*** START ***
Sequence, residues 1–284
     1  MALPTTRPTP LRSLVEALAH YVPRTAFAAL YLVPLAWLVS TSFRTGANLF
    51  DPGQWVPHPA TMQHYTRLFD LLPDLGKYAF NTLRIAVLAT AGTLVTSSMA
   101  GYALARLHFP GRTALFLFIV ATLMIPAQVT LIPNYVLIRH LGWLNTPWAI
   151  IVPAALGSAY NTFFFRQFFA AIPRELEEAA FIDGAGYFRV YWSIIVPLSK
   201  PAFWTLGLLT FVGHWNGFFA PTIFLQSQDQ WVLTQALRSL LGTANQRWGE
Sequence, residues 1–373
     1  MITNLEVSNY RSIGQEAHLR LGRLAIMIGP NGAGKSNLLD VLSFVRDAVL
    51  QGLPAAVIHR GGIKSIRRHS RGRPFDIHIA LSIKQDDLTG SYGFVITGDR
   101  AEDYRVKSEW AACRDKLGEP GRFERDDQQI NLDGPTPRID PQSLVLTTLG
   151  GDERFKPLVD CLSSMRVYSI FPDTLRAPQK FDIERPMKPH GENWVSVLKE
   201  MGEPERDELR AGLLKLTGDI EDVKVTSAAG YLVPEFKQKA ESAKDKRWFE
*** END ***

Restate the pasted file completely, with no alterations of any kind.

Sequence, residues 1–284
     1  MALPTTRPTP LRSLVEALAH YVPRTAFAAL YLVPLAWLVS TSFRTGANLF
    51  DPGQWVPHPA TMQHYTRLFD LLPDLGKYAF NTLRIAVLAT AGTLVTSSMA
   101  GYALARLHFP GRTALFLFIV ATLMIPAQVT LIPNYVLIRH LGWLNTPWAI
   151  IVPAALGSAY NTFFFRQFFA AIPRELEEAA FIDGAGYFRV YWSIIVPLSK
   201  PAFWTLGLLT FVGHWNGFFA PTIFLQSQDQ WVLTQALRSL LGTANQRWGE
Sequence, residues 1–373
     1  MITNLEVSNY RSIGQEAHLR LGRLAIMIGP NGAGKSNLLD VLSFVRDAVL
    51  QGLPAAVIHR GGIKSIRRHS RGRPFDIHIA LSIKQDDLTG SYGFVITGDR
   101  AEDYRVKSEW AACRDKLGEP GRFERDDQQI NLDGPTPRID PQSLVLTTLG
   151  GDERFKPLVD CLSSMRVYSI FPDTLRAPQK FDIERPMKPH GENWVSVLKE
   201  MGEPERDELR AGLLKLTGDI EDVKVTSAAG YLVPEFKQKA ESAKDKRWFE